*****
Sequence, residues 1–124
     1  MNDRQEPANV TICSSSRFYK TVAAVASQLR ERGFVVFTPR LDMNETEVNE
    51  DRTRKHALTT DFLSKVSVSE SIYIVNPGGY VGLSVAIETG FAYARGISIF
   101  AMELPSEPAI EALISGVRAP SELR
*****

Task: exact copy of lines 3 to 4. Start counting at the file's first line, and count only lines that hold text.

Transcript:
    51  DRTRKHALTT DFLSKVSVSE SIYIVNPGGY VGLSVAIETG FAYARGISIF
   101  AMELPSEPAI EALISGVRAP SELR